No one wants to catch coronavirus, but a new study now shows the neurological impacts of the illness may last much longer than the symptoms.

Researchers have warned that coronavirus could cause a significant long-term impact in brain function, with severe infections linked to a loss of brain function akin to ageing 10 years.

The horrifying news is just one of a raft of reported symptoms and effects of the virus, which is still somewhat of a mystery almost a year after first emerging in Wuhan, China. 

"People who had recovered, including those no longer reporting symptoms, exhibited significant cognitive deficits," the study published on MedRxiv said.

"The deficits were broad, affecting multiple cognitive domains," the researchers wrote in the study, which has yet to be peer reviewed.

Meanwhile, pressure on Queensland Premier Annastacia Palaszczuk has been mounting all week to reveal whether her state would go ahead with its plan to open up to NSW on November 1. 

Ms Palaszczuk promised on Tuesday that "everyone will know by Friday" if the border reopening will go ahead. 

Her NSW counterpart Gladys Berejiklian continued the pair's war of words over the decision this morning, criticising Ms Palaszczuk for making the long-awaited announcement on the eve of the Queensland election. 

Speaking to 2GB's Ben Fordham on Wednesday morning, Ms Berejiklian said the timing is "rather cute". 

"I'm just so upset and frustrated as to why the border's been in place for so long," she said. 

"I just wish she had the courage to do it earlier." 

Horror hidden effect of virus

Coronavirus can significantly impact brain function, causing mental decline equivalent to the brain ageing 10 years, according to an alarming new study.

A study of more than 84,000 people in the UK found that coronavirus left even those deemed recovered with "chronic cognitive consequences" that it compared to dropping 8.5 IQ points.

"People who had recovered, including those no longer reporting symptoms, exhibited significant cognitive deficits," the study published on MedRxiv said.

"The deficits were broad, affecting multiple cognitive domains," the researchers wrote in the study, which has yet to be peer reviewed.

The study used cognitive tests - such as remembering words or joining dots on a puzzle - that are often used to assess brain performance in diseases like Alzheimer's.

The cognitive deficits were "of substantial effect size" and "scaled with symptom severity," especially those hospitalised, but also "evident among those without hospital treatment," the study said.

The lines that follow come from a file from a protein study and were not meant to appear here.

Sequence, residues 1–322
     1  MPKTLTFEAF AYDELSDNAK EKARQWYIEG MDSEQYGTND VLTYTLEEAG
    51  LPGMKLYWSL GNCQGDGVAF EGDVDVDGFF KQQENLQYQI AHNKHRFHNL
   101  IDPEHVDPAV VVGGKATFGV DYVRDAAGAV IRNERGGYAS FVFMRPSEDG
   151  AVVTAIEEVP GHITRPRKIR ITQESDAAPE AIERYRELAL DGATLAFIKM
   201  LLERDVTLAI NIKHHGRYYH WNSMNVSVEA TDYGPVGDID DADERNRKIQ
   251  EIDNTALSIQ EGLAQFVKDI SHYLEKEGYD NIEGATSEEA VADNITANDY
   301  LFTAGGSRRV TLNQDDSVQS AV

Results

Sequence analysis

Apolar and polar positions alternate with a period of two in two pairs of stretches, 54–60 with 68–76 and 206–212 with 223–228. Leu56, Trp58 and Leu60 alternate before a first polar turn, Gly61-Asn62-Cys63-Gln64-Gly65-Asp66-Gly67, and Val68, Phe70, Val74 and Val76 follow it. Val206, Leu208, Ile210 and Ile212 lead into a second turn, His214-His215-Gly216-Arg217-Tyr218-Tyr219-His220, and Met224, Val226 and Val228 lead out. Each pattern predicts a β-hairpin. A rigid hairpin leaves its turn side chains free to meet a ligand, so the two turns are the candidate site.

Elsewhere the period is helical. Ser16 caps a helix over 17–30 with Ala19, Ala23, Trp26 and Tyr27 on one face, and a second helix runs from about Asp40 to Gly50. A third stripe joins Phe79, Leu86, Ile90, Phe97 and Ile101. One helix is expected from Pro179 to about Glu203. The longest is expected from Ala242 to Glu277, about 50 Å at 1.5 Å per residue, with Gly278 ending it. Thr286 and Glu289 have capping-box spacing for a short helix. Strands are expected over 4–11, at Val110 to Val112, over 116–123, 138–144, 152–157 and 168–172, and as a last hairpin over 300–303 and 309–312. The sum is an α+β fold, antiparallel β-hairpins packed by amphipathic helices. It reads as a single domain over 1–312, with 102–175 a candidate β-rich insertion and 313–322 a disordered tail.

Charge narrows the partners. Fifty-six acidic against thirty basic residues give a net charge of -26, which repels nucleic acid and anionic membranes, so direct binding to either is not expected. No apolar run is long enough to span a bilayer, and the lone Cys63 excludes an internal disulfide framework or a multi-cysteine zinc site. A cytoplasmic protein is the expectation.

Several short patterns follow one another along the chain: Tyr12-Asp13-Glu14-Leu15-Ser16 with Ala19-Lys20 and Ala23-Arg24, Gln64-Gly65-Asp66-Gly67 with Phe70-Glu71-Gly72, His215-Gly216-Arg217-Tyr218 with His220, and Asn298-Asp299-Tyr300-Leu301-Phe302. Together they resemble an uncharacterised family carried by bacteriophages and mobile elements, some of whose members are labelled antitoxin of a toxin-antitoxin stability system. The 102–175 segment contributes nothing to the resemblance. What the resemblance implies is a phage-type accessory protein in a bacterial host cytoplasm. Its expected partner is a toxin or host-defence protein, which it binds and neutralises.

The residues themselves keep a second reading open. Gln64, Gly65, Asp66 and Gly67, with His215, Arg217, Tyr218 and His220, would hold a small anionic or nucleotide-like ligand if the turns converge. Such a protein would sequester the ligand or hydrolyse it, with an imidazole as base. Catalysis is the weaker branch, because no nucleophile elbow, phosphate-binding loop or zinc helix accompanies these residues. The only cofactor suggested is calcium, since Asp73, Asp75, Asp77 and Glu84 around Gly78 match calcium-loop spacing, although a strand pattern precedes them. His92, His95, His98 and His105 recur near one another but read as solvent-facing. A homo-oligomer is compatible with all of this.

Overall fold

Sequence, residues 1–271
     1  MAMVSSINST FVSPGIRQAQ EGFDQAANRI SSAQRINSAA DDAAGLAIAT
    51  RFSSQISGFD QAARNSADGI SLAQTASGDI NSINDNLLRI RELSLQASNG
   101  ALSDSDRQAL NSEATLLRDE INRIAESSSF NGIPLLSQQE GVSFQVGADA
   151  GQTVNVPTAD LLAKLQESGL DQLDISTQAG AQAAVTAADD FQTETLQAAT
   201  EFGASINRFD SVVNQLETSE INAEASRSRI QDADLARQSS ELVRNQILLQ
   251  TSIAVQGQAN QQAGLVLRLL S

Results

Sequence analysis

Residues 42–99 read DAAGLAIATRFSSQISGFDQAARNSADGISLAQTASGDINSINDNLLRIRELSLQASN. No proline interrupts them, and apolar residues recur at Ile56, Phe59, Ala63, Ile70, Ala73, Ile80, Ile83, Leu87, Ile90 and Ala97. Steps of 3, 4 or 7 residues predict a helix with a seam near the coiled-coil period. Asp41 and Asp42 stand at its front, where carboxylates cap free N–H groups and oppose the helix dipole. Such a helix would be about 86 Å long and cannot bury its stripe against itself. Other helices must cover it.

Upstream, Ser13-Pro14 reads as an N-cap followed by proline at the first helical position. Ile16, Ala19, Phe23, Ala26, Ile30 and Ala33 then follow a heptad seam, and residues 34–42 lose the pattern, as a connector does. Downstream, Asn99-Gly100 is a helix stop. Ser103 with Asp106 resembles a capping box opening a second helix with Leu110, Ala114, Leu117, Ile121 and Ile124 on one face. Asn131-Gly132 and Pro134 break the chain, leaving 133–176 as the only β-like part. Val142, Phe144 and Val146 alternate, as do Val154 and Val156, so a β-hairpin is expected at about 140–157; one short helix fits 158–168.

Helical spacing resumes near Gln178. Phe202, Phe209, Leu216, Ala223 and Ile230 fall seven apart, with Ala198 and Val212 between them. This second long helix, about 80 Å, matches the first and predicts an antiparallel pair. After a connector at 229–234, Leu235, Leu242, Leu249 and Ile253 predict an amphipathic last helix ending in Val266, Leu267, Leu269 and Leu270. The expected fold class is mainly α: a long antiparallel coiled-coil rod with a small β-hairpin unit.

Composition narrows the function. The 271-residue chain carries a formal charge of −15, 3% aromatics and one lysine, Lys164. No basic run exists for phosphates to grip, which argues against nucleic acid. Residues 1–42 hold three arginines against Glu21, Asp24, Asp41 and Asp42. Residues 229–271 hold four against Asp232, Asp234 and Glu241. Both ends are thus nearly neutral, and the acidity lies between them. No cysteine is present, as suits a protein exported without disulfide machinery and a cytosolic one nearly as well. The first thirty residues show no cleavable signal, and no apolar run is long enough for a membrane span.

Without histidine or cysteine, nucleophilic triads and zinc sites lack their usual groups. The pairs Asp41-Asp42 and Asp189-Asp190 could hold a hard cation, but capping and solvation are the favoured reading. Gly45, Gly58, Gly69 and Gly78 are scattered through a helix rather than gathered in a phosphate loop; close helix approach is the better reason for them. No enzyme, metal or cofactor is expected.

-Lee Brown, New York Post

Dr Fauci: Australia's done 'quite well'

America's top COVID-19 expert Dr Anthony Fauci has praised Victoria's miraculous recovery from its second wave of coronavirus.

Speaking in a University of Melbourne panel discussion with Doherty Institute director Sharon Lewin, Dr Fauci said Australia had done "quite well" handling the pandemic.

"I would like to say the same for the United States, but the numbers speak for themselves," he said.

Dr Fauci said Victorians in particular were worthy of admiration for how wholeheartedly they have embraced masks.

"I really wish that we could transplant that kind of mentality here, because masks in the United States have almost become a political statement," he said.

"People were ridiculed for wearing masks, it depended on which side of a political spectrum you were at, which is so painful to me as a physician, a scientist and a public health person - to see such divisiveness centred around a public health issue.

"If there's one area of life that there should not be divisiveness, it is in the health of your nation."

The full panel discussion is on the University of Melbourne YouTube channel.


Qld border call in just over 24 hours

It's been one of the most contentious issues of Australia's COVID-19 pandemic - and we could know the fate of Queensland's border with NSW in just over 24 hours.

Pressure on Queensland Premier Annastacia Palaszczuk has been mounting all week to reveal whether her state would go ahead with its plan to open up to NSW on November 1.

Ms Palaszczuk promised on Tuesday that "everyone will know by Friday" if the border reopening will go ahead.

Her NSW counterpart Gladys Berejiklian continued the pair's war of words over the decision this morning, criticising Ms Palaszczuk for making the long-awaited announcement on the eve of the Queensland election.

Speaking to 2GB's Ben Fordham on Wednesday morning, Ms Berejiklian said the timing is "rather cute".

"I'm just so upset and frustrated as to why the border's been in place for so long," she said.

"I just wish she had the courage to do it earlier."

Ms Palaszczuk hit back, saying the border was closed because she has "the courage to stand up for what is right, I have the courage to keep Queenslanders safe".

"It's disappointing to see the NSW Premier try to be political at this time when she has enough of her own issues to deal with," she said.

"This is simply a diversion from what is happening with herself down in NSW."

 

 

 

Originally published as Horror hidden virus symptom revealed



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